Adachi, a Japanese American, indicated there's something in cop culture that trumps all ethnic loyalty or sense of solidarity. 

"Being an Asian American, it troubles me greatly when I see an Asian officer who harbors these kinds of racist attitudes," Adachi said. "What does it say about how Asians view Blacks or Latinos? That's why it is important for Asians to come forward and say they denounce Officer Lai's texts. I think most Asians do not, although it's important to acknowledge that we all have unconscious biases that affect the way we see others based on race."

Denouncing Lai, the former Asian American cop, should be easy.

But another case involving policing and race, it sure hasn't been easy to denounce former NYPD officer Peter Liang. Many have instead rallied to his support. 

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The Liang case involving the stairwell shooting of Akai Gurley continues to divide the community, Asian vs. Asian, as well as Asian vs. everyone else. 

The recent sentencing hearing that resulted in no prison time for Liang has only aggravated the situation.

Liang is still seen as a greenhorn Asian American cop who is being scapegoated. 

Or he's seen as symbolic of a racist police force whose careless actions result in a tragedy like the Gurley shooting death in New York.

In San Francisco, it helps that Lai isn't a rookie. I have seen no public outcry for leniency in the texting case. 

Perhaps too, it's because the texts reveal an underlying attitude in cop culture that can alter one's personal sense of values. It seems to create a real "us vs. them" mentality that trumps ethnic loyalties or even morality. 

If you are an east coaster or a Peter Liang supporter who doesn't get why people don't run to support a fellow Asian American in San Francisco, the texts show how Officer Lai of the SFPD saw the world. 

Adachi insists that has to affect how you police. He believes it could have an impact on many cases his office is defending against the SFPD. The first texting scandal in 2014 has already prompted a review of 1,600 cases for police bias.

"Racism is ingrained in police culture," Adachi told me. "The blue wall of silence means that officers don't report other officers who are racist or who express racist beliefs. There were 14 officers involved in the first texting scandal, and now four more. The question that should be asked is why none of the officers came forward when they became aware of the racist texts. It's because they are trained not to tell on each other, even when misconduct occurs. That needs to change, because if they expect the public to cooperate against criminal conduct, the police need to as well."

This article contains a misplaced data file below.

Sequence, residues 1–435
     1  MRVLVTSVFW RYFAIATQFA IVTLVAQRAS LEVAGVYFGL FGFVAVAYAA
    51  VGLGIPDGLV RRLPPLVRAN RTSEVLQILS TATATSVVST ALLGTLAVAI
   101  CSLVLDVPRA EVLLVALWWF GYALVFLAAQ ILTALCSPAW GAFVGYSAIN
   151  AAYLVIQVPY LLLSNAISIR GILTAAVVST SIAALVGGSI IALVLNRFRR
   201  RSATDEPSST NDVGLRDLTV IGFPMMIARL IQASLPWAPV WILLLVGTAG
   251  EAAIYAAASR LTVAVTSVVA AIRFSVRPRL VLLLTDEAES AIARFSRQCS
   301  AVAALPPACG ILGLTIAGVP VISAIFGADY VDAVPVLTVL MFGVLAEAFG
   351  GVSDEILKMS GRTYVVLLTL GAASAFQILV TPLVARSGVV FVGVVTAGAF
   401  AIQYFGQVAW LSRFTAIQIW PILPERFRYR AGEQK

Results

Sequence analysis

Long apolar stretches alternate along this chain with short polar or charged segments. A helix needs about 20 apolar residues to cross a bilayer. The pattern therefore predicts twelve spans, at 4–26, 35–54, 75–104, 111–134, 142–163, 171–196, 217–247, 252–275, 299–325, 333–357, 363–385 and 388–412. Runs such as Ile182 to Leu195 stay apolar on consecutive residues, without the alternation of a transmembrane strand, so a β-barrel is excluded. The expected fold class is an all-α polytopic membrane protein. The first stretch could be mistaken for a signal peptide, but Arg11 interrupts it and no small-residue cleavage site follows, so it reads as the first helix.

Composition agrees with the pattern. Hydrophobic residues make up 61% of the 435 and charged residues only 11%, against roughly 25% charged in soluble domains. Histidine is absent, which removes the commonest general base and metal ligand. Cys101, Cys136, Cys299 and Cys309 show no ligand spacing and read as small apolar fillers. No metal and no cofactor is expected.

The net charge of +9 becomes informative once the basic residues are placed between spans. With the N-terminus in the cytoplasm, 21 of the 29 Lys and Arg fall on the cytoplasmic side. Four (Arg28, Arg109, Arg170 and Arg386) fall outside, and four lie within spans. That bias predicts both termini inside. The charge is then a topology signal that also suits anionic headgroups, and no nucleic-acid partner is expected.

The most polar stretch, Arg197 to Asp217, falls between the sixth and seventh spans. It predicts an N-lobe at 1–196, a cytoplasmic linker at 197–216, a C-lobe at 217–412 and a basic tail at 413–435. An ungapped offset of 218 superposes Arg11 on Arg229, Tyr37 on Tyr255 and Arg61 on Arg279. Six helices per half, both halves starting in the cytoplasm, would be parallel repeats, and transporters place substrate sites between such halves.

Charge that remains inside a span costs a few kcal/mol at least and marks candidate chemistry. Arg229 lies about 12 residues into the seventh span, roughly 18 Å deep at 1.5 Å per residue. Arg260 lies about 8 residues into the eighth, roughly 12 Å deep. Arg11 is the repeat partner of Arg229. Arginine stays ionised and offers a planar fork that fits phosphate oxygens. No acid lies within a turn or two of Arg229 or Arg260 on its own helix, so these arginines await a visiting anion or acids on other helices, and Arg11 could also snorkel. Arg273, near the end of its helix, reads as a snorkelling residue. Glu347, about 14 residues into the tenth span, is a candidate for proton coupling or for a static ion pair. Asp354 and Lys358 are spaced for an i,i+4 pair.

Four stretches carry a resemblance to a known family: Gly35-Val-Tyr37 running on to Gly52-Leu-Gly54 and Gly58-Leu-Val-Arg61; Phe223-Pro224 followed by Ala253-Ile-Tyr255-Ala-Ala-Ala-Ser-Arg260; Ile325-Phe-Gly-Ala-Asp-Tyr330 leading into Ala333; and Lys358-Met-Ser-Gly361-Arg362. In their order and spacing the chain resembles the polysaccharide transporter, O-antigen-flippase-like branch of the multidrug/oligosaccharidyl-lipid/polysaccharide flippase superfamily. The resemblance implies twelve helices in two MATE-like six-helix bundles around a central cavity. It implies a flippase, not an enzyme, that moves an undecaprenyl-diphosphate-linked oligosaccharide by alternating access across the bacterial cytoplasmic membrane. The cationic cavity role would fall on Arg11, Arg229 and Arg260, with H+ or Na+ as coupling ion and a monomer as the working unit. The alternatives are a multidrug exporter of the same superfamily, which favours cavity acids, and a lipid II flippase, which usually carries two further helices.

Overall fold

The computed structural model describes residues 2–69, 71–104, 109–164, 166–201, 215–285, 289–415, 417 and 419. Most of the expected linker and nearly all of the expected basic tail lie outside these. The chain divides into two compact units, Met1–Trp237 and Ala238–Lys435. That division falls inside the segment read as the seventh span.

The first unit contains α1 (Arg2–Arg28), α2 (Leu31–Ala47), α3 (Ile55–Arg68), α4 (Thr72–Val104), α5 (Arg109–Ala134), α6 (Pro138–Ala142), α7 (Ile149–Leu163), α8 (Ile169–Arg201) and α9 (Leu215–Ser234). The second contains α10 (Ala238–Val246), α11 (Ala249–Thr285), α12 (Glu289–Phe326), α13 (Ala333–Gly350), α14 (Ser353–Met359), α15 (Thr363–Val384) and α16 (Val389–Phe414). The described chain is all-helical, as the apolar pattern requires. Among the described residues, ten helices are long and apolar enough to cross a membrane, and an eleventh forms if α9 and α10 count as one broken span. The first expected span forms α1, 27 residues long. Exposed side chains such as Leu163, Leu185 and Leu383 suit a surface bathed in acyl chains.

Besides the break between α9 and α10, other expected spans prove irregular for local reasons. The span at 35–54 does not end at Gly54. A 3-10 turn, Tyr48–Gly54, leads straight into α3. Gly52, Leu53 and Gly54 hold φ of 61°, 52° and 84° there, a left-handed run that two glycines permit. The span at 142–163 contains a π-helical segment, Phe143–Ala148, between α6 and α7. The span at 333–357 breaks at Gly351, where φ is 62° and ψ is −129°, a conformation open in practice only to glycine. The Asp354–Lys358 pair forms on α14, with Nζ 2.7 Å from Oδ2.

Since Adachi leaked the Lai texts last week, San Francisco Police Chief Greg Suhr released even more texts and said he's ordered anti-harassment classes for his force next month.  

The Chief is getting support from San Francisco Mayor Ed Lee, but that might not be enough.

The texting scandal comes on top of two recent police shootings of an African American and a Latino. A third case last March involves a federal grand jury's decision that the police did not use excessive force when it gunned down Alex Nieto, 27. Nieto allegedly pointed a stun gun at officers.

It all has fueled the rage of San Franciscans who see police misconduct and gentrification, which has displaced working class people, as commingled. 

Sound familiar New Yorkers?

But in San Francisco, the protest has spawned a hunger strike that continues into its 11th day. 

The Frisco Five includes Asian American rapper, Equipto (Ilych Sato), who last October criticized Mayor Ed Lee for his policies saying that Lee was a "disgrace" to Asian people and "had no heart."

The Five say they won't eat until Suhr steps down. 

It's all a bit of a mess, and it's happening on Mayor Lee's watch.  

Ineffective Asian American leadership, plus allegedly racist Asian American cops. 

Look at the positive side. We're busting up that model minority myth!  

And just in time for heritage month, or whatever you want to call it.

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Emil Guillermo is an independent journalist/commentator. 
Updates at www.amok.com. Follow Emil on Twitter, and like his Facebook page.
The views expressed in this blog do not necessarily represent AALDEF's views or policies.


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Emil Guillermo: Prince--Beyond race, a genius' vision, an activist's heart
April 22, 2016 7:12 AM

For an Asian American guy like me, who has a penchant to go amok, Prince's "Let's Go Crazy," with its purple banana reference, was always a favorite.